PETALING JAYA - The strict dress code at the Defence Ministry headquarters applies to all parties, not only to reporters, it said in a statement.
Referring to an incident where The Star journalist Tashny Sukumaran was prevented from entering its headquarters in Kuala Lumpur due to her attire, it said the dress code was not new.
"A notice on the proper dress code is shown at the guard station. If a visitor does not follow it, then they will not be allowed to enter," it added in the statement yesterday.
The ministry said the reporter violated the dress code by wearing a dress that showed her knees.
"The dress code has been in force for a long time and we hope that everyone, including the media, adheres to it when visiting the ministry," it said.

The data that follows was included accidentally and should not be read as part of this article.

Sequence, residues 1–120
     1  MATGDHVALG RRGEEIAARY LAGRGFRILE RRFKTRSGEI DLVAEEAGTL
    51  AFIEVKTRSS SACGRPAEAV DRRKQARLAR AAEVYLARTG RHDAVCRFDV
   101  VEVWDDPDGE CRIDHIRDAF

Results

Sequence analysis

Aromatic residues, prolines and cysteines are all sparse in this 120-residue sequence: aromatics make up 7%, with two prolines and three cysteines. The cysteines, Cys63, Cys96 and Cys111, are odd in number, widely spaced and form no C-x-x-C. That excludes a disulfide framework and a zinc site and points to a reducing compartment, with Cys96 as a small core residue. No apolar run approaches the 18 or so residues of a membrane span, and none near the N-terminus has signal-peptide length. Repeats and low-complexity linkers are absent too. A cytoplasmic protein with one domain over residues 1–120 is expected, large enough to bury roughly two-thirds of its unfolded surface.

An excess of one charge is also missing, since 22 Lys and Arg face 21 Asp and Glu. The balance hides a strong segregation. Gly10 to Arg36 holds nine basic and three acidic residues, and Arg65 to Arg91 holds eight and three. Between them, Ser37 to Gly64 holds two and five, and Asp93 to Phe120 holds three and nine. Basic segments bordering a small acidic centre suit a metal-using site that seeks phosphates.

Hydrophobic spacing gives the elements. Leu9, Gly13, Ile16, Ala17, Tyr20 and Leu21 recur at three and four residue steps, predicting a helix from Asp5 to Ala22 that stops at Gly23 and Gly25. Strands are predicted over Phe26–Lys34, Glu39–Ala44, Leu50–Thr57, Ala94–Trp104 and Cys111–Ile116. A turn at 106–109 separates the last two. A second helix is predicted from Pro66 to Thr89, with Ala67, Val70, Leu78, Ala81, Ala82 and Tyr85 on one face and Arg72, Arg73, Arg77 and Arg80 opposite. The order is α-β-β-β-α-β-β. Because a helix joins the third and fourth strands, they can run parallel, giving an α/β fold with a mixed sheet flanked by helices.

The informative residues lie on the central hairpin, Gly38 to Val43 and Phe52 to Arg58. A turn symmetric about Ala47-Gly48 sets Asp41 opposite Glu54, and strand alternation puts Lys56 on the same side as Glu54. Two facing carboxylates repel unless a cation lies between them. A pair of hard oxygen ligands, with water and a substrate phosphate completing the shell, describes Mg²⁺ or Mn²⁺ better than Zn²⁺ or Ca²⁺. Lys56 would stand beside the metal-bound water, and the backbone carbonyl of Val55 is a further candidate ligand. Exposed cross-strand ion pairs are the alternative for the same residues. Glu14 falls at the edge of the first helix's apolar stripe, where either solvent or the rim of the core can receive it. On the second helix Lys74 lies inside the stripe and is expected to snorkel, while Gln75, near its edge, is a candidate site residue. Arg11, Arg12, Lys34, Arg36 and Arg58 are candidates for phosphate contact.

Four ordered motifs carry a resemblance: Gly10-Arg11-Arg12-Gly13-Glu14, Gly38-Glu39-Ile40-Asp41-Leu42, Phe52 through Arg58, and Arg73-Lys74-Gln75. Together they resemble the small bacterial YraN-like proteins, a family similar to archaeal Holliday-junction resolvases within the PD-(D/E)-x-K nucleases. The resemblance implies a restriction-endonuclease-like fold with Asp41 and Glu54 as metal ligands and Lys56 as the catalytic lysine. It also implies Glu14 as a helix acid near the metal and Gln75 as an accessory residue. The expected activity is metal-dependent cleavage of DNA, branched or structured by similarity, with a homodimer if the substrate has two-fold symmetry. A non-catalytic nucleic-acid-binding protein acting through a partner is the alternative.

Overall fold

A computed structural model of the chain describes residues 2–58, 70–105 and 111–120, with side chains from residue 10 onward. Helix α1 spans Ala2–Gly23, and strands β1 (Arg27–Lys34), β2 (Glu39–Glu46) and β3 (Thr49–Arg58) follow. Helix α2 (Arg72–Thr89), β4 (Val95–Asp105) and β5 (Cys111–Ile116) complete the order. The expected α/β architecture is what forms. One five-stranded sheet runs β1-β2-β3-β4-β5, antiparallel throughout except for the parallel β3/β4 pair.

The reporter was there to cover a presentation of Hari Raya goodies to the armed forces.
Meanwhile, Minister in the Prime Minister's Department Datuk Seri Shahidan Kassim said dress codes were usually not imposed on members of the public seeking services at the counter. "But of course people would not walk around in their panties," he said.
It is up to the civil service departments to decide on the dress code in government buildings, said Shahidan.
"A stricter dress code is observed in Parliament building, for example," he said.
Shahidan said that even Europeans observed a dress code in official settings.
"That is part of civilisation," he added.
Shahidan also lambasted those who used social media to stir public emotions over the recent spate of incidents that began with the "sarong controversy".